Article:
Sizeable participant retirement accounts, the call of early retirement for the Baby Boomers, and retirement plan provisions that permit in-service distributions – all factors that are apparently attracting promoters to get at that cash.
The NASD concerned about this danger to retirement plan participants issued an Investor Alert yesterday, Look Before You Leave: Don’t Be Mislead By Early Retirement Pitches That Promise Too Much. The Alert warned plan participants that
When faced with a pitch that promises that you can cash in your company retirement savings in your 50s, reinvest the money, and live comfortably off the proceeds for the rest of your life, many simply can’t say no. But usually they should. NASD is issuing this Investor Alert because we are aware of instances in which employees who had built up sizeable retirement savings have been misled, and financially harmed, by flawed, even fraudulent, early-retirement investment schemes.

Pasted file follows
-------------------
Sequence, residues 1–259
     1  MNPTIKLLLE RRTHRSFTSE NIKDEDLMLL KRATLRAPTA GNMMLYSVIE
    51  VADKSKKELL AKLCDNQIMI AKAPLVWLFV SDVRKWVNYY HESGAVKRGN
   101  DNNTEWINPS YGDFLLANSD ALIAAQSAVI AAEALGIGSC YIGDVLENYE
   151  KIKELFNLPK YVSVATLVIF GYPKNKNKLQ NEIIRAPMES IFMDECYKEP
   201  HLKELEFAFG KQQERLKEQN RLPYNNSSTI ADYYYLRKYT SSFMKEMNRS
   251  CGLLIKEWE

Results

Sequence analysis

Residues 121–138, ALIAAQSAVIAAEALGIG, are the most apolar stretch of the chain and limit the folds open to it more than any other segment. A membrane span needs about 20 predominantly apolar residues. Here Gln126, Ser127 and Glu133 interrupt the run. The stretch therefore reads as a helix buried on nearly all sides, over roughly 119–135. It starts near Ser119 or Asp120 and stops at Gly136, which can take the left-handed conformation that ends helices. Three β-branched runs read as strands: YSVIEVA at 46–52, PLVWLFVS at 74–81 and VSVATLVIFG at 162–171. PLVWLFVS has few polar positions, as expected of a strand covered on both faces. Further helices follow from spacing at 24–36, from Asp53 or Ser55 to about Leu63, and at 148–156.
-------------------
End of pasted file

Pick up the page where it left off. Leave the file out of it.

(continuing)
The Alert uses as an example a recent enforcement action. The NASD fined the broker/dealer $2.5 million for failing to adequately supervise a broker who the NASD alleged lured long-term employees of a company through free seminars into retiring prematurely with unreasonable and exaggerated promises of high returns from reinvested funds from their company retirement plans.
The B/D also had to pay $13.8 million in restitution to 32 former employees. The B/D also agreed to hire a consultant who will conduct a comprehensive review of the firm’s seminar presentations, advertising, and systems and procedures relating to retirement planning and investment recommendations for retirees. In settling these matters, the B/D neither admitted or denied the charges, but consented to the entry of NASD’s finding. And what about the broker? He has been charged with securities fraud.
So here is today’s lesson – beyond the obvious that there is no such thing as a free lunch. Plan sponsors should be careful, very very careful, about selecting an individual or firm to provide investment advice to 401(k) plan participants after the January 1, 2007 Pension Protection Act effective date. Plan sponsors will still have a fiduciary obligation to select and monitor these service providers.
Here is the link to the NASD’s Investor Alert.